Safety first, a multi-layer security plan was put in place in order to check campers in and out which put parents and guardians at ease, a reassuring start.  Without further ado, though, I think the joy on the girls’ faces below as well as the authentic adult participation speaks volumes.  Looking forward to Girl Scout Camp in Highland next year . . .  Scout’s Honor!

Campers run through a wall to arrive at Platform 9 3/4 where they eventually meet Albus Dumbledore, the Headmaster of Hogwarts.
The sorting hat ceremony determines which house each “student” belongs.  Professor Trelawny looks on.
The Fat Lady, a portrait who guards Gryffindor Tower at Hogwarts Castle, assists “students” with the scavenger hunt. 
Snack Time at The Leaky Cauldron


 *A special thank you to my partner-in-crime, Sarah, whom is my Harry Potter expert.

Reading Camp Rocks- Week 2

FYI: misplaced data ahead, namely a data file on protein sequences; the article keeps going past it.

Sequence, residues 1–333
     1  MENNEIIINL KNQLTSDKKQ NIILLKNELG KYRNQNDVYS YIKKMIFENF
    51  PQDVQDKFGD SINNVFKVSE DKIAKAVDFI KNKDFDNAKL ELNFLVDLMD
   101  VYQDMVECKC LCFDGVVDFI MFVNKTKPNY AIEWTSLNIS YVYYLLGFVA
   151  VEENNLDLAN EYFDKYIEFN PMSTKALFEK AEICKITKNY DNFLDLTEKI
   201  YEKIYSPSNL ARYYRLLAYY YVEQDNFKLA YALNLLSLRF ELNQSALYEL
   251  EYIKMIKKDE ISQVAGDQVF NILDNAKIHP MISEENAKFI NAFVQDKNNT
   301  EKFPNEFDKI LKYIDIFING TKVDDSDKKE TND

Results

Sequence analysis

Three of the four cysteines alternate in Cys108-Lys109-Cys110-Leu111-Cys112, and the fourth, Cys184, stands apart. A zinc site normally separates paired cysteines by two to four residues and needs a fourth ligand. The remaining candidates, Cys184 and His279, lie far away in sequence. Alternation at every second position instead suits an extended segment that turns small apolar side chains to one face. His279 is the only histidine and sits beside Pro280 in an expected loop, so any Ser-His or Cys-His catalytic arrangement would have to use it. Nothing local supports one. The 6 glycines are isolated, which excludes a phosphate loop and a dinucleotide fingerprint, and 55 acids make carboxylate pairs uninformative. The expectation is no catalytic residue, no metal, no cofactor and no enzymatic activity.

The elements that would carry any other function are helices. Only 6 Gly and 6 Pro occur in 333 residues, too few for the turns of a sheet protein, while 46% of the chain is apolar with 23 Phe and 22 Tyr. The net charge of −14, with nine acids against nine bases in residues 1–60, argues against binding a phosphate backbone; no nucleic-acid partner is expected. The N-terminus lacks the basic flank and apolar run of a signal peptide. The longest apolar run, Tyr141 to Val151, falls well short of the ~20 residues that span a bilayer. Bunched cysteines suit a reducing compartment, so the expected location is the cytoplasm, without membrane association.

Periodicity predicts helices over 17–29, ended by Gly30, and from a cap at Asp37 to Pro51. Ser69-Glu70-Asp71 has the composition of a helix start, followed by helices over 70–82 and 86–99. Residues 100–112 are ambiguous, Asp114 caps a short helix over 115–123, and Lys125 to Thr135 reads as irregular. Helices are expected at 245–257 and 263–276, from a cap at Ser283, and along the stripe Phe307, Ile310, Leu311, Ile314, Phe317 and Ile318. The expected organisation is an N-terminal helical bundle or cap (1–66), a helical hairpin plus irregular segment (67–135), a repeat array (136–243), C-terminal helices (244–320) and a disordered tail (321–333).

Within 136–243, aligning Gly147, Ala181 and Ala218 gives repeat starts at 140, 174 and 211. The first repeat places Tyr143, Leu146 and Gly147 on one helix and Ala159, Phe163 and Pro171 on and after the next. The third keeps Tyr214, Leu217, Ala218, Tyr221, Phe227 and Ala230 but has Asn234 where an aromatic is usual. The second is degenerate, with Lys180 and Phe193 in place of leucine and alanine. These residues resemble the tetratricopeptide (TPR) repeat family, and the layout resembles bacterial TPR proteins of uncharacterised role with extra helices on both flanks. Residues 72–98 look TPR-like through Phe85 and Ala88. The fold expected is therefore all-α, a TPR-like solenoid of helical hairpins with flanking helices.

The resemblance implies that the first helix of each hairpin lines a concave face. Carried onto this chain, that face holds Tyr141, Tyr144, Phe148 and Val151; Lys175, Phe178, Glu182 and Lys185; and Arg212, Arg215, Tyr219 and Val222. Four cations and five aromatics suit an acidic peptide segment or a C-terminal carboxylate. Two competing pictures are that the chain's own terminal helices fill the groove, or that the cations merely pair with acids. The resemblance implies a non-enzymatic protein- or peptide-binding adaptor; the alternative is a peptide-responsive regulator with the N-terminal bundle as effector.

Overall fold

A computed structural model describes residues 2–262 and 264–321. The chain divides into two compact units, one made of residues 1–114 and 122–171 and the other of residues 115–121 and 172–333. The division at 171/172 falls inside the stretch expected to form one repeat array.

My oldest squirt and her buddy attended Week 2 of Reading Camp offered through Saint Louis University.  We barely were able to finish the homework in time for class due to the fact my squirt was attending camp during the evenings and sleeping late throughout the mornings, and, to be honest, she felt it was “boring,” a new term she had learned and embraced wholeheartedly from some of the older girls at camp.  Anywho- workbook pages were completed, CDs were listened to, and a dramatization of a picture book completed.  Mistakenly, I had her watch with me a video intended for parents, to be fair, which was “boring.”  I loaded her into the van with her final words, “I am never going to Reading Camp again,” escaping the sliding door.  While buckling my seat belt, I assured her that one week was already down with only four more to go.  Really only three more to attend if she considered “today” as a completed Reading Camp day.  Besides, Miss Rebecca (the young, energetic teacher) would miss her . . . .